Hanna convinced Southern Republicans to select delegations supportive of McKinley, and make sure that the Republican National Committee (RNC) ruled in favor of McKinley delegates in disputed cases.  McKinley won the nomination and Hanna was selected to chair the RNC.  When the Democrats nominated Congressman William Jennings Bryan, the maverick, 36-year-old, free-silver advocate, Hanna played on fears in the business community to raise an unprecedented amount of money ($3.5 million according to an audit, but Democrats claimed without evidence that it was higher).  Democrats and the press made an issue of both the large sum of Republican money raised and Hanna, caricaturing him as a rich, cigar-chomping political boss of questionable ethics.  Hanna borrowed tactics from the advertising industry to “sell” McKinley with slogans, such as promoting the nominee as the president who would guarantee “a full dinner pail” to working Americans.  Hanna dispatched nearly 1500 speakers across the country, published numerous pro-McKinley pamphlets in various languages, and spent most of the Republican war chest in the crucial Midwest.

In early 1897, Hanna declined President McKinley’s offer of the cabinet position of postmaster general, but was appointed by the Ohio governor to the U.S. Senate to fill the seat of John Sherman, who retired to become U.S. treasury secretary.  The next year, the Ohio legislature elected Hanna by one-vote to a full term.  An investigation by the U.S. Senate found no proof that he had bribed legislators to secure victory.  Despite his negative reputation, Hanna gained popularity among his colleagues and other Washington insiders because of his friendliness, access to the president, and knowledge of political issues.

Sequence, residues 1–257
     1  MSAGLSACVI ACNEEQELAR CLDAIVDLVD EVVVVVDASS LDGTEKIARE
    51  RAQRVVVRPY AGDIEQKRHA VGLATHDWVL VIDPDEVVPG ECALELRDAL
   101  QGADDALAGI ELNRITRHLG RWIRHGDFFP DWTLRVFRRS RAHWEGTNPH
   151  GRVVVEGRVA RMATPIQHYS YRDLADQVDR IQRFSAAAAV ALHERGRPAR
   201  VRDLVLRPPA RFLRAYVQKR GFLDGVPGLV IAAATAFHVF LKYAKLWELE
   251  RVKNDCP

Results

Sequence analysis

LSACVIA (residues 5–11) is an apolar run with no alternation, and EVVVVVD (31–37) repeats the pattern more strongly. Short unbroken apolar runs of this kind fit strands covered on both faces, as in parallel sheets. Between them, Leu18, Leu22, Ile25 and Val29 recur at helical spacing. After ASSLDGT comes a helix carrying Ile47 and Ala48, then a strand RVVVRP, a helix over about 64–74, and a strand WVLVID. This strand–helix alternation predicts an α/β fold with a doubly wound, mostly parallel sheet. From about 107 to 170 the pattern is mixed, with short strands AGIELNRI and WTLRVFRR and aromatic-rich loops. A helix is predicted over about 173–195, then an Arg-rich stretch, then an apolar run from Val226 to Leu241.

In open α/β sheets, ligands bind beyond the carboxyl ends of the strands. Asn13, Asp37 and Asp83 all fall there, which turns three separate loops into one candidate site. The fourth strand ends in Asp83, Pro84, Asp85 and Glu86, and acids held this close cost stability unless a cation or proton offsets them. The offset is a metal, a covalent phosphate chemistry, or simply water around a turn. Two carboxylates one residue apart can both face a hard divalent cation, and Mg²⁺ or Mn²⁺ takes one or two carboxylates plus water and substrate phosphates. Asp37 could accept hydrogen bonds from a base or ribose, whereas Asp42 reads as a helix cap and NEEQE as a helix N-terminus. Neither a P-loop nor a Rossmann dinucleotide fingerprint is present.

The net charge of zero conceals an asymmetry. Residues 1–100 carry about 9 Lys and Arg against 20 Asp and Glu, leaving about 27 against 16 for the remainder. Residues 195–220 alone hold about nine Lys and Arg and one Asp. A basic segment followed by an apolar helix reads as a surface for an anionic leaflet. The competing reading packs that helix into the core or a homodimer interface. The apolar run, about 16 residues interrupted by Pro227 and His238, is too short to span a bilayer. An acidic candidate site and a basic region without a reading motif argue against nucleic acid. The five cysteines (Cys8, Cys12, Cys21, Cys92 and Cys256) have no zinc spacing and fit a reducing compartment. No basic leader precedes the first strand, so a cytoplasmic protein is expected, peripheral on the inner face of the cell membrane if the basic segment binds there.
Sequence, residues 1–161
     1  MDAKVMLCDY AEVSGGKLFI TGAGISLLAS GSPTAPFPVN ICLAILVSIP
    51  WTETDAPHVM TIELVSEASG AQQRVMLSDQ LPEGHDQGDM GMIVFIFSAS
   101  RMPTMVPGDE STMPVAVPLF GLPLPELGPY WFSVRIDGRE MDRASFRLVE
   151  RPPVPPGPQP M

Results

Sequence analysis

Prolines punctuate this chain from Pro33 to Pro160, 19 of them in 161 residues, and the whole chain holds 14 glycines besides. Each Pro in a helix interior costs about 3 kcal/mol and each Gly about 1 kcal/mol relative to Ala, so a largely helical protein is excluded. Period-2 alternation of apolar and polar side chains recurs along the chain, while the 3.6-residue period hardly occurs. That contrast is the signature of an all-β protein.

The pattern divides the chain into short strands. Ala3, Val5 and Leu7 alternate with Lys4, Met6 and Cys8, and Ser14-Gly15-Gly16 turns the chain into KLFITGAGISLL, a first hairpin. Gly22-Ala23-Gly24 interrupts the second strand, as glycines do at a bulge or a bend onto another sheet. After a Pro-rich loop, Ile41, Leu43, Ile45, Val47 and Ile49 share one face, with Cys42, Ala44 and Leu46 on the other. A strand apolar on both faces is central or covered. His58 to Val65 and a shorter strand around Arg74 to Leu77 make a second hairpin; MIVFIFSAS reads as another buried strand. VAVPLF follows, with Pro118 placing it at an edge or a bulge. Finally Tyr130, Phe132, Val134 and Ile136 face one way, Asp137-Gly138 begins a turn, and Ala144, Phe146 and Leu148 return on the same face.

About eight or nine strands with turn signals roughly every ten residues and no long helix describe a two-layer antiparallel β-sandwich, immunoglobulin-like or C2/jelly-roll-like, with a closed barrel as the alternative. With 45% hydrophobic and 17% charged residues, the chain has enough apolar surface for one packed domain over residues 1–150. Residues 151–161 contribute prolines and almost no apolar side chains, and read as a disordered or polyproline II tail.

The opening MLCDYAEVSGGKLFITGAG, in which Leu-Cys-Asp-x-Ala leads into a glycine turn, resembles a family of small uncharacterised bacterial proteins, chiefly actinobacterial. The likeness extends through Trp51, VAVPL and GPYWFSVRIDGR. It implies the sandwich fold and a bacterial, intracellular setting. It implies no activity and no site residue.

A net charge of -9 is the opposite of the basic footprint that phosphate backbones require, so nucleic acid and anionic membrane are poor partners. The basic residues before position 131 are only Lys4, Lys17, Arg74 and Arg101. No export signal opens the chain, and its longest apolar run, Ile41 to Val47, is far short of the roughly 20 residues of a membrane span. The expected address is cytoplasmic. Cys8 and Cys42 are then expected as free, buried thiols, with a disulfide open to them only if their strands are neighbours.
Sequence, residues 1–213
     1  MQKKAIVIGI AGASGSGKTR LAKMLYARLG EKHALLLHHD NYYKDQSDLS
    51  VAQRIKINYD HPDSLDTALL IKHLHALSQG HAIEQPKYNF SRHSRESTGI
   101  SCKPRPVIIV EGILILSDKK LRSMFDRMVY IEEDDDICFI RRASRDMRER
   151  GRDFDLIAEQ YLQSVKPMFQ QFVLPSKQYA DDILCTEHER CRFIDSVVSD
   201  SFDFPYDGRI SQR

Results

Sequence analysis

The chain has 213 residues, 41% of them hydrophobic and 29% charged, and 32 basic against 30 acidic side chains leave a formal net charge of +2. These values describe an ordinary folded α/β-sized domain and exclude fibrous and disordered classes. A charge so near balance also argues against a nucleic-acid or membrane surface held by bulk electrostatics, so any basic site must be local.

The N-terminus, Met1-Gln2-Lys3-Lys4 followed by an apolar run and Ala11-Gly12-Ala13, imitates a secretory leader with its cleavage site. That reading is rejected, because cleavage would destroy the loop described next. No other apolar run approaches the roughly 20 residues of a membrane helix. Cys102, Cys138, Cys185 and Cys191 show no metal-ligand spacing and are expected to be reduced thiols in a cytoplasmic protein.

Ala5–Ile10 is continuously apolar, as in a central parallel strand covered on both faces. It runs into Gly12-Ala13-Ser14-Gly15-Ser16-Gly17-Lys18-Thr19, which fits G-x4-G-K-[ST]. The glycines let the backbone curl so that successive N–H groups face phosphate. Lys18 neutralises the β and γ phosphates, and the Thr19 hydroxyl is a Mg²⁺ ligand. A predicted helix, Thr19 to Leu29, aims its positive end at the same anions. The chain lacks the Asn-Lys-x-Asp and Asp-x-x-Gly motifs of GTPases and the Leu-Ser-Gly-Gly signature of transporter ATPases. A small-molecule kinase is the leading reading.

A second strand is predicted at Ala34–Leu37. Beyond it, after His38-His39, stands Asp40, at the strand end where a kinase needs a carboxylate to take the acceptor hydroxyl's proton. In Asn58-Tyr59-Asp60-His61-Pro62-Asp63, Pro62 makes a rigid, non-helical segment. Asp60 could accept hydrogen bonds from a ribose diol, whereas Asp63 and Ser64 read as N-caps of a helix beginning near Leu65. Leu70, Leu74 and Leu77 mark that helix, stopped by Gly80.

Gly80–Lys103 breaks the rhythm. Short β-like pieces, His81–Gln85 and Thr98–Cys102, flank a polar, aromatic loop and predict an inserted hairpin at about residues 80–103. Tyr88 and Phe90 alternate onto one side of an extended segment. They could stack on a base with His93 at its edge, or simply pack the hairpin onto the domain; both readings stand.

In 1900, Hanna again chaired McKinley’s presidential election campaign, and emphatically argued against placing Governor Theodore Roosevelt on the ticket as vice president.  “Don’t any of you realize that there’s one life between that madman and the Presidency?” Hanna reportedly exclaimed.  However, the view of Senator Thomas Platt, who wanted Roosevelt out of New York, prevailed.  During the campaign, Hanna used his influence to prevent a coal strike in Pennsylvania by bringing management and labor to the bargaining table.  As a member of the National Civic Federation, the Ohio senator worked for better management-labor relations.

After McKinley’s assassination in September 1901, Hanna loyally supported the new president’s policies, despite his uneasiness with Roosevelt.  In fact, the senator’s speeches in favor of a canal through Panama, rather than Nicaragua, were so effective that some of his colleagues nicknamed the project the “Hannama Canal.”  Behind the scenes, though, he told his fellow Republican senators to “stand pat” in opposing legislation that tinkered with the tariff or other economic policies.  He was considered a possible challenger to Roosevelt for the Republican nomination in 1904, and refused to endorse the president’s reelection before his death from typhoid fever in February 1904.  A few months later at the Republican National Convention that nominated Roosevelt, a huge portrait of the late Hanna hung on the podium.

Robert C. Kennedy

“Uncle Mark:  ‘Not Saying a Word’ ”
July 14, 2024